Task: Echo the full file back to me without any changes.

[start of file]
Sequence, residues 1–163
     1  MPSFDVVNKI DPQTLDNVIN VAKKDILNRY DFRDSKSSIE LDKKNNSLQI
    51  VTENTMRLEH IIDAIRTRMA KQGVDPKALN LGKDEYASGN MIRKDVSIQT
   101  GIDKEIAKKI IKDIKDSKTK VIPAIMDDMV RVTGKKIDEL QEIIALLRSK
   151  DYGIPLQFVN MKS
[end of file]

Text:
Sequence, residues 1–163
     1  MPSFDVVNKI DPQTLDNVIN VAKKDILNRY DFRDSKSSIE LDKKNNSLQI
    51  VTENTMRLEH IIDAIRTRMA KQGVDPKALN LGKDEYASGN MIRKDVSIQT
   101  GIDKEIAKKI IKDIKDSKTK VIPAIMDDMV RVTGKKIDEL QEIIALLRSK
   151  DYGIPLQFVN MKS